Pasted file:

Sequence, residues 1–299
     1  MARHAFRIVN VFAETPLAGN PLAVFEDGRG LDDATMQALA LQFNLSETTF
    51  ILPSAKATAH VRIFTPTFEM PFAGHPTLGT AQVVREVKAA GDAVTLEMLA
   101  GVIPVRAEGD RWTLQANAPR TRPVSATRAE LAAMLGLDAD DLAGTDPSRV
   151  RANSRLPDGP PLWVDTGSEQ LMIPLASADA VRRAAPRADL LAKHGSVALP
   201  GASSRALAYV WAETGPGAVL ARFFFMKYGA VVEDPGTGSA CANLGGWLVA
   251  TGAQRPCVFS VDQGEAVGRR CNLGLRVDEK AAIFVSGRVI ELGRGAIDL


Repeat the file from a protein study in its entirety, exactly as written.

Sequence, residues 1–299
     1  MARHAFRIVN VFAETPLAGN PLAVFEDGRG LDDATMQALA LQFNLSETTF
    51  ILPSAKATAH VRIFTPTFEM PFAGHPTLGT AQVVREVKAA GDAVTLEMLA
   101  GVIPVRAEGD RWTLQANAPR TRPVSATRAE LAAMLGLDAD DLAGTDPSRV
   151  RANSRLPDGP PLWVDTGSEQ LMIPLASADA VRRAAPRADL LAKHGSVALP
   201  GASSRALAYV WAETGPGAVL ARFFFMKYGA VVEDPGTGSA CANLGGWLVA
   251  TGAQRPCVFS VDQGEAVGRR CNLGLRVDEK AAIFVSGRVI ELGRGAIDL